Kincer called Sam Trulock, the night watchman at Tarter, who testified he was at another part of the property when he heard three or four gunshots. As he responded. Trulock said he saw a cloud of dust in the parking lot but not the vehicle that made it and then discovered Pyle's body in the road.
"He's gone," Trulock told a 911 dispatcher in a tape played for jurors. "He's got brain matter running out the right side of his head."
Medical examiner Dr. Victoria Graham, who performed the autopsy, said Pyles was shot three times. One bullet grazed the top of his head. A second shot struck him in the back of his left shoulder and passed through, doing little damage. The third shot was fatal, entering the back of Pyles' head and fracturing into two pieces that exited near his eye and nose, fracturing his skull multiple times, Graham testified.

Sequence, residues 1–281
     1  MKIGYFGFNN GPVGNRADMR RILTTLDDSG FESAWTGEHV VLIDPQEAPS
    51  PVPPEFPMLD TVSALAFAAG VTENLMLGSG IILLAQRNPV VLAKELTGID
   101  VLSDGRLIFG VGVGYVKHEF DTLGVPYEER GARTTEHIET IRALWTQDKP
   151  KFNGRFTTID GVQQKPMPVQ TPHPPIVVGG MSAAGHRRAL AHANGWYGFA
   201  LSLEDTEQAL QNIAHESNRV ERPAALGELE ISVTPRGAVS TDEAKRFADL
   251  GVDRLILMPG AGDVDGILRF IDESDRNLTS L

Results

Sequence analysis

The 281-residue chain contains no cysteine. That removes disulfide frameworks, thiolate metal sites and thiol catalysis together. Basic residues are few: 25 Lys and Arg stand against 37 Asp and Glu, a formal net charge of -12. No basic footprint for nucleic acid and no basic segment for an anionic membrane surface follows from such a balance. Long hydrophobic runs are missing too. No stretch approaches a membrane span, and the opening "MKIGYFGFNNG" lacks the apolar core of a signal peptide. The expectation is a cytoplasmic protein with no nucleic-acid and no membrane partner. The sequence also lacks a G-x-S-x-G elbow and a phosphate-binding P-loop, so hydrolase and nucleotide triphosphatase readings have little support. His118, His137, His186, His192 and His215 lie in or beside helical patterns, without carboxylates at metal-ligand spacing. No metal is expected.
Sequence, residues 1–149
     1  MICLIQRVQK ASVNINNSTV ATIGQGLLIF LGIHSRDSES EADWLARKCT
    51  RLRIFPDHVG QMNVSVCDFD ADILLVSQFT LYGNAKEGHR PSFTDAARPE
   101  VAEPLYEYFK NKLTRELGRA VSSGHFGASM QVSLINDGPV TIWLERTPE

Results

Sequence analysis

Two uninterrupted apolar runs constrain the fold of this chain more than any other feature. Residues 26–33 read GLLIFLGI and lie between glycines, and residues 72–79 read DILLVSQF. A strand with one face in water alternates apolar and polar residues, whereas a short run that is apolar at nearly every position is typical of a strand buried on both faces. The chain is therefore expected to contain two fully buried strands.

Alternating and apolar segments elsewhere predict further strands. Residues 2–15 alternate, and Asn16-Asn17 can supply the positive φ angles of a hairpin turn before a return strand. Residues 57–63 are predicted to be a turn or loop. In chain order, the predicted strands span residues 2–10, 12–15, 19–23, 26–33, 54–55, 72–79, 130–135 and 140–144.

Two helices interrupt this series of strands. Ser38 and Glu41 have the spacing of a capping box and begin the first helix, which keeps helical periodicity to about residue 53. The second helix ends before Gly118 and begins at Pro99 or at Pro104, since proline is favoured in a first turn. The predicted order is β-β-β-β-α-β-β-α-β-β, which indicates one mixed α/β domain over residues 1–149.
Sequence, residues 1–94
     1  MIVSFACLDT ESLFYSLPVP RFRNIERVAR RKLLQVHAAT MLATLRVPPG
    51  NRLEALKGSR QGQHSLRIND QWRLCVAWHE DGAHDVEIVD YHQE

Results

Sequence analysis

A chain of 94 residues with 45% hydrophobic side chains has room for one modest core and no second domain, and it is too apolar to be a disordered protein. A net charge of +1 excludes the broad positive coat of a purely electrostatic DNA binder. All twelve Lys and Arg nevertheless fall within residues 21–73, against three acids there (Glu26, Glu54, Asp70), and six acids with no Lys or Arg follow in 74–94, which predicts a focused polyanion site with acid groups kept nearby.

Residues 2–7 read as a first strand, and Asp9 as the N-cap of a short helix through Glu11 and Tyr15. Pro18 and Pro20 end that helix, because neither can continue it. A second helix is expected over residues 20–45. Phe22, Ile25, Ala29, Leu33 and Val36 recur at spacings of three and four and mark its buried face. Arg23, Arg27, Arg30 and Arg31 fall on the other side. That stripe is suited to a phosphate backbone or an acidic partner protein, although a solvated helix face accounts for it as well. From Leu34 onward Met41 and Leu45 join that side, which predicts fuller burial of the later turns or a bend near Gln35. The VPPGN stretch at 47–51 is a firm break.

Jaquelyn Hardwick, an employee of Crocket's Trail convenience store in Casey County where Salyers and Rigdon stopped about 45 minutes before Pyles' murder was reported, testified Rigdon had a handgun strapped on his hip while at the store. Jurors were shown a video of the men at the store, but the gun was not clearly visible.
"You could tell that was what's there," she testified.
Under questioning from Kincer, Hardwick admitted that she initially did not tell police all she knew because she was afraid of the men, whom she identified as "bikers."
"I was scared. I got two little babies to protect. You don't talk about things like that," she said. "But then I got to thinking if someone did my family that way I would want them to speak up."
Hagan spent little time cross-examining any of the witnesses, as most of the testimony seemed more damning of Rigdon than his client. He tried to draw the jury's attention to Rigdon whenever he had the opportunity.